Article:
WASHINGTON — Engineers with NASA and prime contractor Lockheed Martin Space Systems have finished building the prototype Orion capsule that will launch on an uncrewed test mission aboard a United Launch Alliance Delta 4 rocket Dec. 4 from Cape Canaveral Air Force Station in Florida, the agency said in an Oct. 30 press release.

The mission, called Exploration Flight Test (EFT)-1, is primarily a test of the capsule’s heat shield, which would protect astronauts on future missions from the extreme temperatures of atmospheric re-entry. The flight also will test other critical systems including the capsule’s avionics suite, flight software and parachutes, all of which will be substantially the same as those the spacecraft will use for future missions to lunar space scheduled for late 2017 and 2021. Only the 2021 mission would be crewed.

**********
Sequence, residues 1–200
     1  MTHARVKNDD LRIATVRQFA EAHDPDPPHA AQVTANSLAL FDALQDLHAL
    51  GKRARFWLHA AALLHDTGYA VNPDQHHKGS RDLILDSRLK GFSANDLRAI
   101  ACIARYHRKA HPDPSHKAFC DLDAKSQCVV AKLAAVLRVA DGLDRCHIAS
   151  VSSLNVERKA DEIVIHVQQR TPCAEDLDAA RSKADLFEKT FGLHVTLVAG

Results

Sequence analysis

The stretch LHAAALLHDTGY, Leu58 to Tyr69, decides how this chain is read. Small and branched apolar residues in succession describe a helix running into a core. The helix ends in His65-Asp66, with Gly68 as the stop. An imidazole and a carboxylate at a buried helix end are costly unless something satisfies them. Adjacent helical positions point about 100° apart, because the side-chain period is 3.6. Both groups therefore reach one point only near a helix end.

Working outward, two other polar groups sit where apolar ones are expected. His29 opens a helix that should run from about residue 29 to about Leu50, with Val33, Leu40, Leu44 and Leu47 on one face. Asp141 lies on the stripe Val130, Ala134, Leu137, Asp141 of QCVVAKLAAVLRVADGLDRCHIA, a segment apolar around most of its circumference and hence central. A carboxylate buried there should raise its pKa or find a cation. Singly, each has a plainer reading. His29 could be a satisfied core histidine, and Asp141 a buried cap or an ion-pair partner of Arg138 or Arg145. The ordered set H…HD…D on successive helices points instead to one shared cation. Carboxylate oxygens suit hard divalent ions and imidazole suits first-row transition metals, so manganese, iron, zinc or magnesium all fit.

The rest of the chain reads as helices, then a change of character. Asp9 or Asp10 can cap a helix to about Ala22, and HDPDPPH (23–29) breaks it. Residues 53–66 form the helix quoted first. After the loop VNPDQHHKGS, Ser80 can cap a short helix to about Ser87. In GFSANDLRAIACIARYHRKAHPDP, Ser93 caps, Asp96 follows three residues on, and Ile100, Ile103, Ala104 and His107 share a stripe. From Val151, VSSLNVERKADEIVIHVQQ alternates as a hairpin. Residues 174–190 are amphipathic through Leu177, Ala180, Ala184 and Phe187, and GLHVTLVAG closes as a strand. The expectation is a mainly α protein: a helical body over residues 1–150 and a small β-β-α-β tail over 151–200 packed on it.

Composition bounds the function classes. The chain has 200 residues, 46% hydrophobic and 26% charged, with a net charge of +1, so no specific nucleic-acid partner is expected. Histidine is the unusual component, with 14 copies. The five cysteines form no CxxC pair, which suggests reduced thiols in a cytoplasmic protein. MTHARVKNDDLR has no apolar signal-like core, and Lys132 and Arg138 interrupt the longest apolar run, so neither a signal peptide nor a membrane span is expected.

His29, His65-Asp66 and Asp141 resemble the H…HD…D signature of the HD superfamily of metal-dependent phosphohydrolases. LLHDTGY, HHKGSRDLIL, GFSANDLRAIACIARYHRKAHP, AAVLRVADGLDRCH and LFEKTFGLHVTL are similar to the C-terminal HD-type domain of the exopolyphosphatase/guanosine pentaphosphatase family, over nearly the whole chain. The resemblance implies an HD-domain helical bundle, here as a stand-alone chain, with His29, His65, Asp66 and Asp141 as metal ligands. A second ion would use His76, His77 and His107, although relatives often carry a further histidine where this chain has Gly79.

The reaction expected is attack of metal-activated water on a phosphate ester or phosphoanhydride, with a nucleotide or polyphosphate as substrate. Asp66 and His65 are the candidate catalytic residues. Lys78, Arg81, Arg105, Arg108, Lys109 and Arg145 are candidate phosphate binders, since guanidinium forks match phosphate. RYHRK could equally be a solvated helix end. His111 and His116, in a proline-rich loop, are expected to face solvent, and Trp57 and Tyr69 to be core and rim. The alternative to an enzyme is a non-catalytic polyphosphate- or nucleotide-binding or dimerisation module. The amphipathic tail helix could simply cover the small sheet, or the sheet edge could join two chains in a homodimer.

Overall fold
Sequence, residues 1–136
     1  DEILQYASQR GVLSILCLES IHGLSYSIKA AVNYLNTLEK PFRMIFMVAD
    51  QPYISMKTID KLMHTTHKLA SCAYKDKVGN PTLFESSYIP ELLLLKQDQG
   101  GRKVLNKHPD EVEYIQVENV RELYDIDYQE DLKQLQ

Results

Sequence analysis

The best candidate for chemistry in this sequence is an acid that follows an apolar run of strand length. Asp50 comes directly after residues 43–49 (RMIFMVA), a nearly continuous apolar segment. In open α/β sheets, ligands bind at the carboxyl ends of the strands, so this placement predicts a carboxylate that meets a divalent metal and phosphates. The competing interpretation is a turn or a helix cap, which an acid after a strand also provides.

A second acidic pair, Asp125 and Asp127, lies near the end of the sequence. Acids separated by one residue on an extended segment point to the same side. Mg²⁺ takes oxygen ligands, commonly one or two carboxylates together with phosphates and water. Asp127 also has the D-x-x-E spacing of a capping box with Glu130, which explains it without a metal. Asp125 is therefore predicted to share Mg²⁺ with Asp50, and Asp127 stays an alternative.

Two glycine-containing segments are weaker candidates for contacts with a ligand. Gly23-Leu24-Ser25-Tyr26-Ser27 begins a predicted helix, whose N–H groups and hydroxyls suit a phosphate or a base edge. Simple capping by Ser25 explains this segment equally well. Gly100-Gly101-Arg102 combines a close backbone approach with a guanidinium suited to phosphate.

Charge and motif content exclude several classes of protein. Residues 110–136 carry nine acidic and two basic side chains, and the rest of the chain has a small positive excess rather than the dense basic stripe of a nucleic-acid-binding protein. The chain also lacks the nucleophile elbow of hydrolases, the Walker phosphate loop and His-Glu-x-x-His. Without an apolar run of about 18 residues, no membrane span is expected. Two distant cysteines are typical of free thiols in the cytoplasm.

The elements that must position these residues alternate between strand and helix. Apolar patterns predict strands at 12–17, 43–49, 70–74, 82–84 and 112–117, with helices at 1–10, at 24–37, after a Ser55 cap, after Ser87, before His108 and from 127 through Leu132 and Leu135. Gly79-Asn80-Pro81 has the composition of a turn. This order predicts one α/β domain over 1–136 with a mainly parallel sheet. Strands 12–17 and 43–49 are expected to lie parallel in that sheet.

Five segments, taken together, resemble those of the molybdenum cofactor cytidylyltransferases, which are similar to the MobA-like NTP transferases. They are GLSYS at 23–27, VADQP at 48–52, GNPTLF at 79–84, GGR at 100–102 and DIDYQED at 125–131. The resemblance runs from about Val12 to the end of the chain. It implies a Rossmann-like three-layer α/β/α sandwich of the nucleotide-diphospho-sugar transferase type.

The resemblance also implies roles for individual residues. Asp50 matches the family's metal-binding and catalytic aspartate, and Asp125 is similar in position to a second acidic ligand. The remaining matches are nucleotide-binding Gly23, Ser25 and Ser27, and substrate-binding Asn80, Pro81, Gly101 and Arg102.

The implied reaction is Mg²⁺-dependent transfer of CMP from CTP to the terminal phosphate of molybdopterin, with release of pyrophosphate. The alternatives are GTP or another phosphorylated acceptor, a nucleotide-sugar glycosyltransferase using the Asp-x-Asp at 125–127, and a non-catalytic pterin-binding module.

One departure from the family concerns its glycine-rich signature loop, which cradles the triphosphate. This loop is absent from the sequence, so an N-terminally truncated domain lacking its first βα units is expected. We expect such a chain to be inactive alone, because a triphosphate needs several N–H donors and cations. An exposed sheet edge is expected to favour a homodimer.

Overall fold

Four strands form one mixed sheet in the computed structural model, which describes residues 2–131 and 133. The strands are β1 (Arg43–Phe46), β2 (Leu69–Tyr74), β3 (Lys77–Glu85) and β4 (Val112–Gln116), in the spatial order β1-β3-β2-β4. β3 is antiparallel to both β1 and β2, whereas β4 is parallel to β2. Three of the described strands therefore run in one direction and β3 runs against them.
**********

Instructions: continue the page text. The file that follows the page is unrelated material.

In EFT-1, Orion will orbit Earth twice, then re-enter the atmosphere at about 80 percent of the velocity the craft would reach on re-entry from lunar orbit. It will splash down in the Pacific Ocean off the coast of California and be recovered by a single Navy ship. The EFT-1 spacecraft arrived at the Kennedy Space Center in Florida for integration in 2012, NASA said in its press release.

Lockheed’s Orion prime contract with NASA, awarded in 2006, is worth more than $11 billion and requires the company to deliver three spacecraft: the EFT-1 Orion and those slated to launch in 2017 and 2021 aboard the Space Launch System, the capsule’s intended carrier rocket that is under development at NASA’s Marshall Space Flight Center in Huntsville, Alabama.

Dan Leone is a SpaceNews staff writer, covering NASA, NOAA and a growing number of entrepreneurial space companies. He earned a bachelor’s degree in public communications from the American University in Washington.